BEVs and PHEVs can be powered by rooftop solar panels. How many thousands (millions?) of homes would have solar power if the billions of dollars spent on hydrogen had been spent on incentives for homeowners to buy solar instead. Add to that the billions that will need to be spent upgrading the grid if we don't move towards distributed generation.

We're not using our resources wisely. We should be empowering every homeowner/business/community to generate renewable energy.


Also, I don't think it's fair to imagine a future where hydrogen storage, fuel-cell, and transportation technology has advanced to the point where H2 cars are practical, but not allow that there will also be advances in battery EV technology. When you compare EVs with batteries that take hours to charge to H2 vehicles that fill in minutes, you're comparing batteries of the past to hydrogen technology of the future. Please, let's compare apples to apples.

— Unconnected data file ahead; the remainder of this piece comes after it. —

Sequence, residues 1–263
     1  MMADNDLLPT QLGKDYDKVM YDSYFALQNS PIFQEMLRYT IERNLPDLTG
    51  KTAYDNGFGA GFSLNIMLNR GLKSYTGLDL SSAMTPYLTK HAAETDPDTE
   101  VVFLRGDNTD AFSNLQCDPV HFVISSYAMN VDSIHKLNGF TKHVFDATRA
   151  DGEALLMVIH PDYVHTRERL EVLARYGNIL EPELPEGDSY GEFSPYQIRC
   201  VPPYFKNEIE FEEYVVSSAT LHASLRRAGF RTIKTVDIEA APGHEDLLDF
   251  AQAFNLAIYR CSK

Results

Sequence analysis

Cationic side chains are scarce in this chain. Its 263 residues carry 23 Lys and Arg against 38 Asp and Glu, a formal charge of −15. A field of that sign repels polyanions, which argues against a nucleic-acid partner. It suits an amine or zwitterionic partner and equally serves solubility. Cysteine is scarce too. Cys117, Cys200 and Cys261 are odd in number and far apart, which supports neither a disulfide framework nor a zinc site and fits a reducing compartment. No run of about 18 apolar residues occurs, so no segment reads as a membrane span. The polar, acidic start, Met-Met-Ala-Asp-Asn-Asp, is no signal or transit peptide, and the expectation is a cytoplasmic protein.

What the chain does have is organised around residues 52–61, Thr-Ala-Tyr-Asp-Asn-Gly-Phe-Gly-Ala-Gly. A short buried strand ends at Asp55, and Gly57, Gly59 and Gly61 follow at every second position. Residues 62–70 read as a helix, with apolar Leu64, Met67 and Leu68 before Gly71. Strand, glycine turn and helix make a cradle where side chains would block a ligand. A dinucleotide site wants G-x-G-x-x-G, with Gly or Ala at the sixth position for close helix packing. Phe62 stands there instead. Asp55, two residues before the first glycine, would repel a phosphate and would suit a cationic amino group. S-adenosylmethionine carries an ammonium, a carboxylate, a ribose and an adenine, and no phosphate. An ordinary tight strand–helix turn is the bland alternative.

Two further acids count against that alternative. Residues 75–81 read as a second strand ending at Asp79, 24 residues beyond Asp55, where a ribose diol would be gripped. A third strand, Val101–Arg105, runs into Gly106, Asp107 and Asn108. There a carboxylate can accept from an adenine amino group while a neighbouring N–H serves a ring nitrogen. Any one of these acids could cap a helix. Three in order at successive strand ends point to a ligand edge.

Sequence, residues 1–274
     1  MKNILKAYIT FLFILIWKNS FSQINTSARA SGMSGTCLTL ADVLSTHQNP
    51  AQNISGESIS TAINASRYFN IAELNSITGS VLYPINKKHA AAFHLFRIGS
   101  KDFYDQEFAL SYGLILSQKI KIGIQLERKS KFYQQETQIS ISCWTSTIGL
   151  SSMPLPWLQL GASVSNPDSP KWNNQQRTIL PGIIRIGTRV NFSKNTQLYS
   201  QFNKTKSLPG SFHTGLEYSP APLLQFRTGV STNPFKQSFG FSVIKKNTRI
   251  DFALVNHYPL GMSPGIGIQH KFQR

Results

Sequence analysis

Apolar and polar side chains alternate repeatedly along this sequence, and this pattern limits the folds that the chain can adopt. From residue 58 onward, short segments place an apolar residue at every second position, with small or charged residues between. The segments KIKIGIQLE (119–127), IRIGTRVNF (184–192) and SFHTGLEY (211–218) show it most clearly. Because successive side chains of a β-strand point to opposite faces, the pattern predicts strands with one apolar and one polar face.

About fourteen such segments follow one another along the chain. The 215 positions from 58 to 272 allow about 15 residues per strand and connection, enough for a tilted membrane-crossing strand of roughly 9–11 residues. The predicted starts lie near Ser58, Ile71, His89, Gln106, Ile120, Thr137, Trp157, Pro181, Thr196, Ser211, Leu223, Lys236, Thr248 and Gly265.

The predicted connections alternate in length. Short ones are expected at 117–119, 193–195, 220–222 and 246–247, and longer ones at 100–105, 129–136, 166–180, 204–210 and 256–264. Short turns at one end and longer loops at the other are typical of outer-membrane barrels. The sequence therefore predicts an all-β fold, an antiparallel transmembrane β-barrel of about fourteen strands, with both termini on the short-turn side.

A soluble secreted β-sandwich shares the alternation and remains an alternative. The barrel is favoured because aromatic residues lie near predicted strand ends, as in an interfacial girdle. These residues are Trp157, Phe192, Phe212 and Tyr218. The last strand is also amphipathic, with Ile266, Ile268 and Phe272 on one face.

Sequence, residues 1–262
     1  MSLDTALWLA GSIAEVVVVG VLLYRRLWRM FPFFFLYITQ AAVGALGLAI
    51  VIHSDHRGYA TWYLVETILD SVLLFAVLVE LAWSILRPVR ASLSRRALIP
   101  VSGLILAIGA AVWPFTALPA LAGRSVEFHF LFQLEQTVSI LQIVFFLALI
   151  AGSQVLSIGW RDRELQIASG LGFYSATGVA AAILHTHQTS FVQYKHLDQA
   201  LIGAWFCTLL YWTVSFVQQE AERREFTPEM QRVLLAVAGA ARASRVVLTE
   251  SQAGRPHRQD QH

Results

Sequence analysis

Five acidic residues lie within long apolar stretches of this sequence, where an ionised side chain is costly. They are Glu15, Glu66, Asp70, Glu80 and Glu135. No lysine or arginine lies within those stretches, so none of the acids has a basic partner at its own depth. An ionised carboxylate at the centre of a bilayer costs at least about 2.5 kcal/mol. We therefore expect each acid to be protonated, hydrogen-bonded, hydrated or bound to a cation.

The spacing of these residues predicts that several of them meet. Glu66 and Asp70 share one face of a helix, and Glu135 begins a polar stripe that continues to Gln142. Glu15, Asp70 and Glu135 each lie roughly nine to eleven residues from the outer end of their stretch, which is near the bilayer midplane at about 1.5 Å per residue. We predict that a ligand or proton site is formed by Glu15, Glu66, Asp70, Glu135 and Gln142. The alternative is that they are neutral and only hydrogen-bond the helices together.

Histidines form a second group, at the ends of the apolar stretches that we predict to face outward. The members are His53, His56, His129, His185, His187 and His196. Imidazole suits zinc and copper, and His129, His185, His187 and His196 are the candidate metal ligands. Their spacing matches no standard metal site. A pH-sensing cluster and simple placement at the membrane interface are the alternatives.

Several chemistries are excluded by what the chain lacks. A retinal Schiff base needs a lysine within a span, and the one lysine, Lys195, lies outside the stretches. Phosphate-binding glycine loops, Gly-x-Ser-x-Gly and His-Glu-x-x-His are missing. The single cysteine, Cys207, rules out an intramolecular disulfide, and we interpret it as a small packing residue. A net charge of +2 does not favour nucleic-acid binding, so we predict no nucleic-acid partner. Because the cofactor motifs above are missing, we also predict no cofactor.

In his new book, "Solar Revolution," Travis Bradford argues that even with the solar technology that exists today, solar power could revolutionize how we generate and distribute energy. That's not counting the amazing advances that we have good reason to expect.

Given the choice between a hydrogen future where energy is produced primarily by giant corporations and distributed over great distances, and a solar/EV future where energy is produced locally, I choose the latter. In the long run, it will provide greater benefits to individuals and to the planet. (Giant energy corporations, sorry about your luck.)

Roger Pham

netscrooge,

Solar electricity or solar hydrogen, the efficiency will be quite comparable, or at least the cost per kwh, anyway, when H2 is produced by high-temp process such as thermo-chemical or Solid Oxide electrolysis.

Whether you pay for H2, or you pay big bucks to have your roof-top solar panels installed and maintained, you will have to pay money to big corporations. No one can produce solar panels in their own home!

Forget about quick charging your BEV anytime soon. The upgrade investment in our electrical grid would be quite expensive to deliver such a massive current to your car battery.